Cassandra Khaw's Nothing But Blackened Teeth is a gorgeously creepy haunted house tale, steeped in Japanese folklore and full of devastating twists.
A Heian-era mansion stands abandoned, its foundations resting on the bones of a bride and its walls packed with the remains of the girls sacrificed to keep her company.
It’s the perfect venue for a group of thrill-seeking friends, brought back together to celebrate a wedding.
A night of food, drinks, and games quickly spirals into a nightmare as secrets get dragged out and relationships are tested.
But the house has secrets too. Lurking in the shadows is the ghost bride with a black smile and a hungry heart.
And she gets lonely down there in the dirt.
Effortlessly turning the classic haunted house story on its head, Nothing but Blackened Teeth is a sharp and devastating exploration of grief, the parasitic nature of relationships, and the consequences of our actions.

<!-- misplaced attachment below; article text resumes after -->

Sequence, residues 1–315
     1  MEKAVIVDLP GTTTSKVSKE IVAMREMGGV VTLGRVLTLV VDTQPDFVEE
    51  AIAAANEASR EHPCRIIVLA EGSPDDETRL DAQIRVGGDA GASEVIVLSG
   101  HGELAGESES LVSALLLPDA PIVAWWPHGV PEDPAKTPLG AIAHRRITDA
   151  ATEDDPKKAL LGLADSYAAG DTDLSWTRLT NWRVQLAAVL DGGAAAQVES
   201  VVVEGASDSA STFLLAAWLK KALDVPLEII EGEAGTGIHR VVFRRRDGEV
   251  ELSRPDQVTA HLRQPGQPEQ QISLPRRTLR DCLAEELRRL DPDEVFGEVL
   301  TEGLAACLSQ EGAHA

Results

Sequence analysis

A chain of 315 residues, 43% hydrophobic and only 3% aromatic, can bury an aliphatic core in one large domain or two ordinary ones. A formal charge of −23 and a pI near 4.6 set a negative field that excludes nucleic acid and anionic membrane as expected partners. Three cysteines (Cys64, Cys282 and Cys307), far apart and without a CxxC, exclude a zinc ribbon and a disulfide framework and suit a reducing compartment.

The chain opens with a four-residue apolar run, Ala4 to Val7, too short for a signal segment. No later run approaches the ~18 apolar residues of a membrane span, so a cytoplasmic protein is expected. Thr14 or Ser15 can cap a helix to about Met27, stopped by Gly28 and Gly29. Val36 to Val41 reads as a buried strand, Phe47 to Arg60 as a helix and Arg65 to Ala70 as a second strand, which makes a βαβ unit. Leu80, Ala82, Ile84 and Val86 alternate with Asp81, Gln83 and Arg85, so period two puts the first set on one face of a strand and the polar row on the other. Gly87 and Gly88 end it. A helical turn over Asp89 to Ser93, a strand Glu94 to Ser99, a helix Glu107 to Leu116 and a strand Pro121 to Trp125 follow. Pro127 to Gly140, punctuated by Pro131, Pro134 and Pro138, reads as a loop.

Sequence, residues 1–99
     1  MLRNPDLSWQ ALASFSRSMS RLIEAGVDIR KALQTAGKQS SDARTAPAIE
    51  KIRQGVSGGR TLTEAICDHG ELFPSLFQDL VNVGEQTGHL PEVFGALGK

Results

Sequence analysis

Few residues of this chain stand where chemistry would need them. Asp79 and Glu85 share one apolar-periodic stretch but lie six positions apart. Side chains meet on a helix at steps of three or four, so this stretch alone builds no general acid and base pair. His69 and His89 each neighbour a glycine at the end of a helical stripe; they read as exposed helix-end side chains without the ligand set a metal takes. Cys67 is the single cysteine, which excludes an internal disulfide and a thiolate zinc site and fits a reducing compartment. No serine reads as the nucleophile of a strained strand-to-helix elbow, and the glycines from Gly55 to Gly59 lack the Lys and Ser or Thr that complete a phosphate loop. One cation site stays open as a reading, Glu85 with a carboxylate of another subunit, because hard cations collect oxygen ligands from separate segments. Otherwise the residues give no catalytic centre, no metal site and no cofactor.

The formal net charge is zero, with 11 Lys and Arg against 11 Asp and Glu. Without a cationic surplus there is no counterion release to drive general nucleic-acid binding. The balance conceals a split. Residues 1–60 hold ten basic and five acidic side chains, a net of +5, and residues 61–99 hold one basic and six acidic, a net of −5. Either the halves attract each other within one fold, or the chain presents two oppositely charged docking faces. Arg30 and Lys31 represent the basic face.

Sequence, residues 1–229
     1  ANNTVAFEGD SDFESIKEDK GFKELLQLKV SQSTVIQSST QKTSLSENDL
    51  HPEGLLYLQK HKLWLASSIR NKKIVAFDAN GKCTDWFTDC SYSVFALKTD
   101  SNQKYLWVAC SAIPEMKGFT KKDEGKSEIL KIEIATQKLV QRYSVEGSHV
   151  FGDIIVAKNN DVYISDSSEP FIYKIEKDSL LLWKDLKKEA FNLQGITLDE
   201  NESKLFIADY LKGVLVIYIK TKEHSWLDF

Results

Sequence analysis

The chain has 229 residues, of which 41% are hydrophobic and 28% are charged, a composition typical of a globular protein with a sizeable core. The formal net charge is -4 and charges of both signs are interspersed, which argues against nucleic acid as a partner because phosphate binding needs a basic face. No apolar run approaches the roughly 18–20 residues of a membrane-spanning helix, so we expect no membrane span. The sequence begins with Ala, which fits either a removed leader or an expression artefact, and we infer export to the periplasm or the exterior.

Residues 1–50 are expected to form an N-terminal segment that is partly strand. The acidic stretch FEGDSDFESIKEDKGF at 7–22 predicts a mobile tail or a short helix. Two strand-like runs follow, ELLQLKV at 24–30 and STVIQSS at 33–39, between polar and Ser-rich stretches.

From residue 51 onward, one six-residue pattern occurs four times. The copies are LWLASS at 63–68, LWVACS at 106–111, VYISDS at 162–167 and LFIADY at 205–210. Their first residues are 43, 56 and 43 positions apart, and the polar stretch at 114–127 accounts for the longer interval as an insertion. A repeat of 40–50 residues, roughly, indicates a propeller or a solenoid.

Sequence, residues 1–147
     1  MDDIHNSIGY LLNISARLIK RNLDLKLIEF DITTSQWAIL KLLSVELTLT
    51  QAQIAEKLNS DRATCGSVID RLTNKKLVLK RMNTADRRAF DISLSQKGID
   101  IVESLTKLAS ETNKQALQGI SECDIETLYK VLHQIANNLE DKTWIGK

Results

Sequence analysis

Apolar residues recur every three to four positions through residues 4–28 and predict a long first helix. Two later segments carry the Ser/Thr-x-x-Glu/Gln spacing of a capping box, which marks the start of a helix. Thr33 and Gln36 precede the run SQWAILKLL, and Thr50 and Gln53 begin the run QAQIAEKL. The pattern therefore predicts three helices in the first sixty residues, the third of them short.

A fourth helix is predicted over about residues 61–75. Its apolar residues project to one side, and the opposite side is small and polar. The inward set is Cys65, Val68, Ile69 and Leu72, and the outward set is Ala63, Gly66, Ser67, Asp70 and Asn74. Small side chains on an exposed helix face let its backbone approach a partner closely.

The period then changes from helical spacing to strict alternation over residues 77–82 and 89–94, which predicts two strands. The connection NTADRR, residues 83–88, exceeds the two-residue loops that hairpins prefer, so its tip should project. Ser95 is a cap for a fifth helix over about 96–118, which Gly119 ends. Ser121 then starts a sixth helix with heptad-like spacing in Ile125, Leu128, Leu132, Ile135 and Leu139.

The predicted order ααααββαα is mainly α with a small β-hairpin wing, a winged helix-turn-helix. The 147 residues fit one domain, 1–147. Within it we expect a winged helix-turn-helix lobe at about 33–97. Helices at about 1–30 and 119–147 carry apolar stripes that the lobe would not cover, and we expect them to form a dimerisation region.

A Macmillan Audio production from Tor Nightfire
Don’t waste your time.
The book tries to sound to smart for its own good. There’s no reason for the writing to be this complicated when it’s supposed to be a horror story. The author describes scenes way to long and in way to much detail that you just wish she would get on with the story already. Not to mention the characters are all extremely unlikeable. Waste of my money. I hope you don’t make the same mistake.
A great story
This one felt like a great pairing of narrator to prose. The story itself is aware of the genre and manages to not feel tongue in cheek or forced. It felt like a horrible glimpse into one night shared by four people who have baggage and insecurities and felt real, despite the very supernatural surroundings of it all.